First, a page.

HIV Protease Inhibitors
- HIV Protease Inhibitors are a class of pharmaceuticals whose common mechanism of action is through inhibition HIV proteases. Their most important adverse effects are disturbance of lipid and glucose metabolism.
- Certain HIV structural proteins are synthesized together in single long polypeptides which must then be cleaved into the individual proteins (See: Replicative Cycle section of the HIV page). Virally-encoded proteases perform this task and are specifically inhibited by the HIV Protease Inhibitors. By doing so, protease inhibitors reduce viral replication and spread.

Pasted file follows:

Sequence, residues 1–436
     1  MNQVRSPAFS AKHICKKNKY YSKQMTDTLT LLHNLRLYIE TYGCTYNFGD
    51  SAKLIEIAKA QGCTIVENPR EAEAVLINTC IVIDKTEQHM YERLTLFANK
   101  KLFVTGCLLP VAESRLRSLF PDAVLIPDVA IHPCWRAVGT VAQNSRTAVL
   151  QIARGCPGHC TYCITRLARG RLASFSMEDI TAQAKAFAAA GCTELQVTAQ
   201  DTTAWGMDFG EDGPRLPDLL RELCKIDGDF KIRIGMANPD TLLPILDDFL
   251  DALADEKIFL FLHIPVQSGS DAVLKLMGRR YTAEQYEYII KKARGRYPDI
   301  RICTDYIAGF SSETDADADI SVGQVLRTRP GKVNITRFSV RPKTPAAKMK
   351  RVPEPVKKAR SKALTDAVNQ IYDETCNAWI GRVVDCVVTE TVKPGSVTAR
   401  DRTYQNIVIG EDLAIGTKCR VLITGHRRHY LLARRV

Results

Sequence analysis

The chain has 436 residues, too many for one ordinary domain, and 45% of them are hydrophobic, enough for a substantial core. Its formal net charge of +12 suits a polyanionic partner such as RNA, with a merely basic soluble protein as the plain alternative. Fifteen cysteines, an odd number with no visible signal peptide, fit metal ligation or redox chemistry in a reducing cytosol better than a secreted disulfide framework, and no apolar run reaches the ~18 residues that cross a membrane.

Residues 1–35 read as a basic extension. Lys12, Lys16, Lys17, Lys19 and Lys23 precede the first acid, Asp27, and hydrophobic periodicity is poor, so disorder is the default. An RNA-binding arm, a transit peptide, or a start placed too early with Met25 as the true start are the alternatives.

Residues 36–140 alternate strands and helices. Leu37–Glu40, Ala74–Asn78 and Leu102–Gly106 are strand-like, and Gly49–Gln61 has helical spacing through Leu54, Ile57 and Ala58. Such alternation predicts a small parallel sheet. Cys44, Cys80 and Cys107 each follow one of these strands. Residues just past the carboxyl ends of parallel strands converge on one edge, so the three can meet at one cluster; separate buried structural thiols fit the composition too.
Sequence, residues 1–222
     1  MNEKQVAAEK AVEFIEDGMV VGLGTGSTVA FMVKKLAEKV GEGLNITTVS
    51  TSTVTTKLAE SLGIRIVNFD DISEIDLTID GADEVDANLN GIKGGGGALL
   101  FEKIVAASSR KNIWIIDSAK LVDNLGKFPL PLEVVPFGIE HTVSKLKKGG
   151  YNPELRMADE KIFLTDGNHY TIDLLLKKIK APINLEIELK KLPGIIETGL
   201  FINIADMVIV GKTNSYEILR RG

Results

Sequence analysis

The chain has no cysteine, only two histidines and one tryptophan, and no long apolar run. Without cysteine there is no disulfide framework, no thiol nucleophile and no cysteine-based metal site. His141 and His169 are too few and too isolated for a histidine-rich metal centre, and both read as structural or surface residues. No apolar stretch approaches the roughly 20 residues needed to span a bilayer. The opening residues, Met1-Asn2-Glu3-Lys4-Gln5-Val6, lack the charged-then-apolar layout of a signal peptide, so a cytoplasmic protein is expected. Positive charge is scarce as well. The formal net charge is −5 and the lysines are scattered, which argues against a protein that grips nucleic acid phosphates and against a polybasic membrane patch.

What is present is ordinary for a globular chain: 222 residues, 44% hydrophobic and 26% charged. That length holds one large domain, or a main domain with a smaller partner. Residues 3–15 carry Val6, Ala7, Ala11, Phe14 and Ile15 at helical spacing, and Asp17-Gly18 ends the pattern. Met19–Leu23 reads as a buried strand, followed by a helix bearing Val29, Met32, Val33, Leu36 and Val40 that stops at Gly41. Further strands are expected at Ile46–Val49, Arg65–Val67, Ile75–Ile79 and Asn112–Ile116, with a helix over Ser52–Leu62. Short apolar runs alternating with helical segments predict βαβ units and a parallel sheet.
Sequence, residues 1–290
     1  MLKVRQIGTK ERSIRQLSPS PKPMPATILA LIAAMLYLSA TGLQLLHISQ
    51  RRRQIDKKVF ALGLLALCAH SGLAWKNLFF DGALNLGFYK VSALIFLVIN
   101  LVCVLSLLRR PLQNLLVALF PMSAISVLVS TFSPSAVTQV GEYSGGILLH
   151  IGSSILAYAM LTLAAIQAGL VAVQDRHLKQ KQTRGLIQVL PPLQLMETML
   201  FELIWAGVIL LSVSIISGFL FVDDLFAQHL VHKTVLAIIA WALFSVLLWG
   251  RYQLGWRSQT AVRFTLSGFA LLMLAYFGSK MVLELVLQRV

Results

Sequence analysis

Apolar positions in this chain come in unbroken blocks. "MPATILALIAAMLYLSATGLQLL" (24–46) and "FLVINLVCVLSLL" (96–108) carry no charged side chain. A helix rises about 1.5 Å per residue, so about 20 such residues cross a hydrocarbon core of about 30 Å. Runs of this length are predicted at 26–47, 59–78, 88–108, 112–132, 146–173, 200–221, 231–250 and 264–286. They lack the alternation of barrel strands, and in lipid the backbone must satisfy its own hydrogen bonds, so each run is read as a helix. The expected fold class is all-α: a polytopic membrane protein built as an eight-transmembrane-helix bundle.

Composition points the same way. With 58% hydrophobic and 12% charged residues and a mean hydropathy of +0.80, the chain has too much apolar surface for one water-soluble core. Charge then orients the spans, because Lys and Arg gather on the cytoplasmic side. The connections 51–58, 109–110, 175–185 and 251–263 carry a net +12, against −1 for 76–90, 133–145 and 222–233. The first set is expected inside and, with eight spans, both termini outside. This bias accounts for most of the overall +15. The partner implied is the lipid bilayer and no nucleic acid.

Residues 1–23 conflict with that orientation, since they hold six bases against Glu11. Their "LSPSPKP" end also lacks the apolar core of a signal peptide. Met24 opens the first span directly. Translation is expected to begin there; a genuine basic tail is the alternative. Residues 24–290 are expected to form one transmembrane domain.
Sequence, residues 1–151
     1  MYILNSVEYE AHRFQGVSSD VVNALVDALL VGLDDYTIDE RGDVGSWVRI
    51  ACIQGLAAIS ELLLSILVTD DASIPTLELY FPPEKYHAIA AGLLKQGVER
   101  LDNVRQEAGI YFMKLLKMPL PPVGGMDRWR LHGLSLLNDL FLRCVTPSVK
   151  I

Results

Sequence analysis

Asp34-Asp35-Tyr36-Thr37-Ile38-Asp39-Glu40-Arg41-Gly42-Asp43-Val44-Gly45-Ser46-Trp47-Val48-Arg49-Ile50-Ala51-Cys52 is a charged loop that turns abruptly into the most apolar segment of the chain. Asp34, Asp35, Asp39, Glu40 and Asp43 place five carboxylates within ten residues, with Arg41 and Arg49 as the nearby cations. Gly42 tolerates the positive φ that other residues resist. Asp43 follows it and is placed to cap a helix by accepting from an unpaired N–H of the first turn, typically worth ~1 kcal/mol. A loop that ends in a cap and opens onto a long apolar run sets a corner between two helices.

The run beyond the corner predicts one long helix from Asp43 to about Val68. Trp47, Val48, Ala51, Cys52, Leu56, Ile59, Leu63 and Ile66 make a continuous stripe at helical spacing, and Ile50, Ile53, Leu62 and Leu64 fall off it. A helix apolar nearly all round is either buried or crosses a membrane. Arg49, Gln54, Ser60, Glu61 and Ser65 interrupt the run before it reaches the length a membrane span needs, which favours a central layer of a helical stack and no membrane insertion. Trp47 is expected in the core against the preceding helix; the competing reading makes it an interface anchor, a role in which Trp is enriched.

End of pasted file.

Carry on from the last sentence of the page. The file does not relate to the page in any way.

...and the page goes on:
- Most HIV Protease Inhibitors transiently cause nonspecific adverse effects including GI upset, nausea, vomiting, which often later subside. However, with chronic use, many protease inhibitors result in a syndrome of "Lipodystrophy" which manifests as a derangement of adiposity in which fat redistributes centrifugally as well as creating a "Buffalo Hump". With some Protease Inhibitors hyperlipidemias along with hyperglycemia mimicking Type II Diabetes may occur.